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4 Most Common Allergies in Children

4 Most Common Allergies in Children

As the sixth leading cause of chronic illness in the United States, allergies affect millions of Americans each year. The problem is especially prevalent among kids. Whether it’s in the form of seasonal respiratory allergies, eczema-inducing contact allergies, or ingested food allergies, over one in four children in the United States has at least one diagnosed allergic condition.

At Pediatric Practitioners of Oklahoma in Claremore, Oklahoma, our skilled team offers a full scope of allergy services for kids of all ages. From expert diagnosis to effective treatment solutions, we can help your child gain optimal control over their allergies. 

Here, we discuss the mechanisms of an allergic reaction and explore the four most common childhood allergies. 

A short tutorial on allergies 

Normally harmless substances, such as tree pollen, airborne mold spores, dust mites, animal dander, milk, eggs, and peanuts, become allergens when the immune system perceives them as harmful. An allergen can be something that’s:

When the immune system encounters a normally harmless substance that it has deemed as hazardous, it spirals into an overreaction that prompts the release of excessive amounts of antibodies, histamines, and other defensive chemicals. This is known as an allergic reaction. An allergic reaction can cause:

In severe cases, an allergic reaction can cause breathing difficulty, an asthma attack, low blood pressure, or anaphylaxis, which is a life-threatening emergency.

Common childhood allergies 

While people of all ages — including older adults — can develop allergies, early childhood is a prime time for allergy onset. Allergies tend to change as kids grow and change, often becoming milder over time. Although some kids may even “outgrow” certain allergies, most are chronic, meaning they persist for life.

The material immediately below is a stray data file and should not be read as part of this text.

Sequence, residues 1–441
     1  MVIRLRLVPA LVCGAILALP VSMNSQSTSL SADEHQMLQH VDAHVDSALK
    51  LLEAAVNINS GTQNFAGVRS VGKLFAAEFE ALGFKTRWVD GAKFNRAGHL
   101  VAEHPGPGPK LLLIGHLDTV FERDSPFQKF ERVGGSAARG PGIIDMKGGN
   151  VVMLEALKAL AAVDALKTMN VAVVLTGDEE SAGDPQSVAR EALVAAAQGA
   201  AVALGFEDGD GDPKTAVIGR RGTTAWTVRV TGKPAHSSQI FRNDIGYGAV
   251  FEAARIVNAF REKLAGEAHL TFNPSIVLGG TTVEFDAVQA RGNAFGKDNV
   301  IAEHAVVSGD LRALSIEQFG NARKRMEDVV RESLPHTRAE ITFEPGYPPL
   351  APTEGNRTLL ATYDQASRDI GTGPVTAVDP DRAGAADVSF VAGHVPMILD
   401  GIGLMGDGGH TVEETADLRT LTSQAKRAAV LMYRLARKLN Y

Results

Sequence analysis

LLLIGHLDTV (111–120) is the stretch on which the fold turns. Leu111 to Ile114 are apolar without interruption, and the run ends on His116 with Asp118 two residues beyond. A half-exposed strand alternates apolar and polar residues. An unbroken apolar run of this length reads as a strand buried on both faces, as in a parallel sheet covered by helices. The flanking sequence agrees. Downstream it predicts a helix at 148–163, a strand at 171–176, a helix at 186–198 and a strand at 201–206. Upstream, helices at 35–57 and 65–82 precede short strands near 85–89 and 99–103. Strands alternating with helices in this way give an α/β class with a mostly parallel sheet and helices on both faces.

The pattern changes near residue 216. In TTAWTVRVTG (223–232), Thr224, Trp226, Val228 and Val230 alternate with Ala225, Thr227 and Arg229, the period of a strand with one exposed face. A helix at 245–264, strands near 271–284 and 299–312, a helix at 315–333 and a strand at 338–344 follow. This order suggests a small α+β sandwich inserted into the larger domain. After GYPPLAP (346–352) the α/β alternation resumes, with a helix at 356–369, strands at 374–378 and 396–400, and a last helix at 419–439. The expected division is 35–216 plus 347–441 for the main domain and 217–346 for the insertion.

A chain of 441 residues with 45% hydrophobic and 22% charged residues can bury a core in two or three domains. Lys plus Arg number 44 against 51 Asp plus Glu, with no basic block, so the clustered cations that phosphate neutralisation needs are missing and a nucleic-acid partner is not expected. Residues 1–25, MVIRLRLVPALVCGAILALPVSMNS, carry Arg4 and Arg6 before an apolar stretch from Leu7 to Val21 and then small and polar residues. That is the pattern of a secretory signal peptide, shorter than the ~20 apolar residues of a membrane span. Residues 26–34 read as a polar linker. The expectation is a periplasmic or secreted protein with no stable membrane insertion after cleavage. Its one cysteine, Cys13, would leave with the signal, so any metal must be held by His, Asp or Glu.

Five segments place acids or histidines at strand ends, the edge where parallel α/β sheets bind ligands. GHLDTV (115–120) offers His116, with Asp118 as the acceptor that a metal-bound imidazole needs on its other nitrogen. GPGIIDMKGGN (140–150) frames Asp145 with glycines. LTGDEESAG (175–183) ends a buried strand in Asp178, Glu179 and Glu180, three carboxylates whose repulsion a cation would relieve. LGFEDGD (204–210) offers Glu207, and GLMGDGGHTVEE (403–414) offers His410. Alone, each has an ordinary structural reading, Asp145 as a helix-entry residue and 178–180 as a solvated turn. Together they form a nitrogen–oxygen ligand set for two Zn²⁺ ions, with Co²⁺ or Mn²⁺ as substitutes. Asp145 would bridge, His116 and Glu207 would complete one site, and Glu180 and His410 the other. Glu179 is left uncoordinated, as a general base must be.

The four most common childhood allergies are:

1. Allergic rhinitis 

Allergic rhinitis is the most common childhood ailment caused by allergies. Nearly one in five children (18.9%) in the United States have been diagnosed with the condition. Also known as seasonal allergies or hay fever, this allergic reaction to the airborne pollen from trees, grasses, and weeds tends to occur more frequently in the spring and fall, when pollen concentrations are highest. 

Allergic rhinitis usually causes nasal cavity symptoms, such as a runny, itchy nose, sneezing, postnasal drip, and nasal congestion. It can also give rise to red, watery eyes that itch as well as inner ear fluid accumulation and inflammation and chronic ear infections.

2. Eczema 

More than one in 10 American children (10.8%) have been diagnosed with eczema, also known as atopic dermatitis. The meanings of the terms used to describe the condition are revealing:

With this allergic condition, contact with an irritant or allergen causes itchy, bumpy rashes and thickened skin that may emerge anywhere. Irritants that can trigger an eczema flare-up include sweat, dry air, intense sunlight, harsh detergents, chlorine, and itchy fabrics like wool.

Eczema flare-ups may also occur if your child’s skin touches something they’re allergic to. These eczema rashes can often be traced to one problematic ingredient in a skin or hair care product. Dyes, fragrances, and preservatives are often the culprit. 

3. Food allergies

About four million American children (5.8%) have a diagnosed food allergy. Eggs, milk, and peanuts are the most frequently diagnosed childhood food allergies. Wheat, soy, and tree nut allergies are also common.

Food allergies can cause symptoms that range in severity from uncomfortable to life-threatening. An allergic reaction to food may trigger itching in the mouth and throat, breathing difficulties or an asthma attack, hives, stomach pains, vomiting, and/or diarrhea.

The most severe allergic reaction — anaphylaxis — is most often associated with peanuts and tree nuts.

4. Airborne allergies

Pollen isn’t the only potential airborne allergen. There are several substances that can trigger an allergic reaction after they’re breathed in. Common airborne allergens — also known as aeroallergens — include dust mites, fungal and mold spores, animal dander, dried insect debris, cigarette smoke, car exhaust, and perfume.

Most airborne allergens are an “indoor problem,” meaning they affect the air quality of indoor living environments and require attentive cleaning practices to manage and control.

Effective allergy management 

Once an allergy has been diagnosed, our team can create an individualized treatment plan that helps your child avoid or limit their exposure to known allergens, provides medication to ease symptoms during an allergy attack, and offers a detailed plan of action in the event of a severe allergic reaction.

If you have questions about effective allergy management, we can help. To learn more, call 918-283-4660 or book an appointment online with Pediatric Practitioners of Oklahoma today.

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